In the exemplary embodiment of the invention discussed above, the wash water and reagent recycle tanks 49 and 52 are vented so that any non-condensible gases entrained with the wash water and reagent can escape from those tanks. The vent lines are identified by reference characters 84 and 86, respectively.
The examples which follow show how the novel soil decontamination processes I have invented and illustrated and discussed above can be carried out and further show that the processes in question are totally efficacious. These examples are not intended to describe commercial, full-scale applications of the invention or to limit the scope of the patent protection to which I consider myself entitled.
Fifty grams of a sandy, upper New York State soil and 5 g of a major corporation's transformer oil contaminated with 5000 PCB 1254 (54 wt % Cl) were mixed to give a total concentration of 480 ppm PCB 1254 by weight based on the weight of the soil. The soil/oil mixture was transferred to a three-neck flask fitted with an agitator and mixed with 20 g potassium hydroxide, 10 g Dowanol TMH (a proprietary mixture of methyl capped polyethylene glycols), 10 g polyethylene glycol 400 (PEG 400 is a polyethylene glycol with an average molecular weight of 400) and 20 g dimethyl sulfoxide.
The mixture of contaminated soil and reagent was heated to approximately 180° C. and refluxed under nitrogen for one hour. At the end of the one hour period, the mixture was cooled and the reagent and soil separated by decantation (this technique can obviously be employed in commercial scale processes instead of filtering or centrifuging to effect the above-discussed liquid-solids separation). The soil was then washed with distilled water to remove residual reagent and water soluble PCB reaction products.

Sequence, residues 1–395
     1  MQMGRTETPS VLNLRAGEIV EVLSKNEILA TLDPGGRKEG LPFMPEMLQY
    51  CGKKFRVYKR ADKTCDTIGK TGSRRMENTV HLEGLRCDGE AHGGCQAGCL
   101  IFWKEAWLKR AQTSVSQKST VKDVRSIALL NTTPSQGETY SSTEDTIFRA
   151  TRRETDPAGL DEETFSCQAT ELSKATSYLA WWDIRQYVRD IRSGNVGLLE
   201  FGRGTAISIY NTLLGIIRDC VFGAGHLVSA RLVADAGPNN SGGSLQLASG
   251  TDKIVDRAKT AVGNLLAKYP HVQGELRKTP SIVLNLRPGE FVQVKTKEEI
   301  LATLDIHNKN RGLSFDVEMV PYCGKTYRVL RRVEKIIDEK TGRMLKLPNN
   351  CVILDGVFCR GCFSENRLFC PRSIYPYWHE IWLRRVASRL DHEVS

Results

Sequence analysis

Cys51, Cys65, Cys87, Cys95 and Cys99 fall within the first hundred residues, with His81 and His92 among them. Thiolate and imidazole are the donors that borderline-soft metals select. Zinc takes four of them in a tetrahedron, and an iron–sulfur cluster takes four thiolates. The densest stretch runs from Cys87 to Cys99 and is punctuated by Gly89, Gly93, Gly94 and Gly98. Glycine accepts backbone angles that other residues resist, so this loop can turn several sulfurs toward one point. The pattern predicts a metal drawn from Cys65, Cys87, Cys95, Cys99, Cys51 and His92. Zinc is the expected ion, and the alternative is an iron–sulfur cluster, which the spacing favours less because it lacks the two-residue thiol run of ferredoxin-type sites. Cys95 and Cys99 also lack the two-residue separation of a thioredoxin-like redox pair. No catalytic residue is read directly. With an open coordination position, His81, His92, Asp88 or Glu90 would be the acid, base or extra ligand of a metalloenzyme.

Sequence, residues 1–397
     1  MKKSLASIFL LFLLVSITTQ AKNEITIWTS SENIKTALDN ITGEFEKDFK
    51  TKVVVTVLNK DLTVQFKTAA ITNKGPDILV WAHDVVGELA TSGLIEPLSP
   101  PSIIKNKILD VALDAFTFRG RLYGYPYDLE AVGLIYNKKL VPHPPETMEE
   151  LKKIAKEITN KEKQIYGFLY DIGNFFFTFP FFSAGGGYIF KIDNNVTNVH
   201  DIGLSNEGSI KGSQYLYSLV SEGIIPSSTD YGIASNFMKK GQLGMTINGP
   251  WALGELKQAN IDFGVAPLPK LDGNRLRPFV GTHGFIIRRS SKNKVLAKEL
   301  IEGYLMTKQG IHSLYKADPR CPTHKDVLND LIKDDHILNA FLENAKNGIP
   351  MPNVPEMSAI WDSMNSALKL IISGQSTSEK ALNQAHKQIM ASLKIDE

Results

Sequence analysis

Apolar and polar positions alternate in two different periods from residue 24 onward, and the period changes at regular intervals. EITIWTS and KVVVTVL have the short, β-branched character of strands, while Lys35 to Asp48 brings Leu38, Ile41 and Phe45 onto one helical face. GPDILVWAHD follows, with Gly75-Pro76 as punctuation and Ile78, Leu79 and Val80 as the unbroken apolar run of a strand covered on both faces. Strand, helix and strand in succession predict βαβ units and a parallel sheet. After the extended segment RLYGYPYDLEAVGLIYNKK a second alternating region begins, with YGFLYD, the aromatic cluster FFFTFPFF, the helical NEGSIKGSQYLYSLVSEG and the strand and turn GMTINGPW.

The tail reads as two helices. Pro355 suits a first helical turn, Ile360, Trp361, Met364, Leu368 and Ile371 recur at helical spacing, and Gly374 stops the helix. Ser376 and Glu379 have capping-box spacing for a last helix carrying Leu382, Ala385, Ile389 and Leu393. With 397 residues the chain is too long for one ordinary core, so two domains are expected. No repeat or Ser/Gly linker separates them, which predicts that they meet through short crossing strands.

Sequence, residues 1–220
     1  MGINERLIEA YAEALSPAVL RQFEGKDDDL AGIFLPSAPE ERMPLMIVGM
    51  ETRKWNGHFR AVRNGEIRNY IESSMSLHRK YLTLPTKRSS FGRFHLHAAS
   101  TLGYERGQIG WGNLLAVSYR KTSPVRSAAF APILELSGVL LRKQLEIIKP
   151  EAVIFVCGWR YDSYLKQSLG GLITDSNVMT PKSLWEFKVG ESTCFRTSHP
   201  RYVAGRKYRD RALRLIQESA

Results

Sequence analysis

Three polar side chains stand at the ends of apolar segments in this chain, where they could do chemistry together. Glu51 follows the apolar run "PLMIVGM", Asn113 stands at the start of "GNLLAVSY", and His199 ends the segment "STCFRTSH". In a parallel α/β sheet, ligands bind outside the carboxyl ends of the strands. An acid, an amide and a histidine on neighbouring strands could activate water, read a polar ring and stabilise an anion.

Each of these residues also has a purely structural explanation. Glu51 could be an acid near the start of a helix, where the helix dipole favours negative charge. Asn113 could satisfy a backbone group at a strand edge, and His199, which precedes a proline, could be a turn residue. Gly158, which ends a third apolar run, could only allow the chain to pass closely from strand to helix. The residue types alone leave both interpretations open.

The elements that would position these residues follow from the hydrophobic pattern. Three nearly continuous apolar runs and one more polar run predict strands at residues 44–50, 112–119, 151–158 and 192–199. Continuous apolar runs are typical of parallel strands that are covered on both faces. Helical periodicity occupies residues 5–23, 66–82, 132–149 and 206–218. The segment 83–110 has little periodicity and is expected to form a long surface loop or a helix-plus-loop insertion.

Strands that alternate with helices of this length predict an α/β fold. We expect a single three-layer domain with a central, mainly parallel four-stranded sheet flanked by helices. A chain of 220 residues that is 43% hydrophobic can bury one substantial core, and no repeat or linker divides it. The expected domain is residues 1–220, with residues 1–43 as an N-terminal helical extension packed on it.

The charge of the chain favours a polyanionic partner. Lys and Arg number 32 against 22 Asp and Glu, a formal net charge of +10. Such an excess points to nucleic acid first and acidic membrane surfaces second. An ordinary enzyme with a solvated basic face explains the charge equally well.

The residual PCB concentration in the soil was less than the detection limit of 0.04 ppm PCB, a removal efficiency of >99.99%.
A soil sample as described in Example I was mixed with 1,2,3,4 tetrachloro-p-dibenzodioxin (1,2,3,4 TCCD) to produce a concentration of 30 ppm in 100 g soil. The thus-contaminated soil was mixed with 40 g potassium hydroxide, 20 g Dowanol TMH, and 40 g dimethyl sulfoxide. The soil/reagent mixture was refluxed with agitation in a nitrogen atmosphere for one hour. The soil and reagent were separated by decantation and the soil washed with three volumes of distilled water. The washed soil was then analyzed for 1,2,3,4 TCCD. No dioxin was detected at a detection limit of 0.02 ppm, a removal efficiency of >99.99%. The reader will note that, in the tests reported in the preceding examples, the halogen transfer reactions were carried out in an inert (nitrogen) atmosphere rather than in vacuo or at atmospheric pressure. This was done because that particular approach was more compatible with the scale of the reported processes; the processes described in those examples could equally well have been carried out at sub-atmospheric pressure. Conversely, larger scale processes can be carried out in a nitrogen blanketed or other inert atmosphere although this is not necessary and may be economically disadvantageous.
The invention may be embodied in still other specific forms without departing from the spirit or essential characteristics thereof. The embodiments of the invention disclosed above are therefore to be considered in all respects as illustrative and not restrictive. The scope of the invention is instead indicated by the appended claims, and all changes which come within the meaning and range of equivalency of the claims are intended to be embraced therein.
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|U.S. Classification||588/316, 588/406, 134/25.1, 588/318|
|International Classification||A62D3/00, A62D3/36, B09C1/02, A62D101/22, B09C1/08, A62D3/34|
|Cooperative Classification||A62D3/34, B09C1/08, A62D2101/22|
|European Classification||B09C1/08, A62D3/34|
|Apr 18, 1985||AS||Assignment|
Owner name: GALSON RESEARCH CORPORATION, 6601 KIRKVILLE ROAD,
Free format text: ASSIGNMENT OF ASSIGNORS INTEREST.;ASSIGNOR:PETERSON, ROBERT L.;REEL/FRAME:004397/0103
Effective date: 19850416
|May 1, 1989||FPAY||Fee payment|
Year of fee payment: 4
|Oct 5, 1993||REMI||Maintenance fee reminder mailed|
|Nov 12, 1993||REMI||Maintenance fee reminder mailed|
|Mar 6, 1994||LAPS||Lapse for failure to pay maintenance fees|
|May 17, 1994||FP||Expired due to failure to pay maintenance fee|
Effective date: 19940306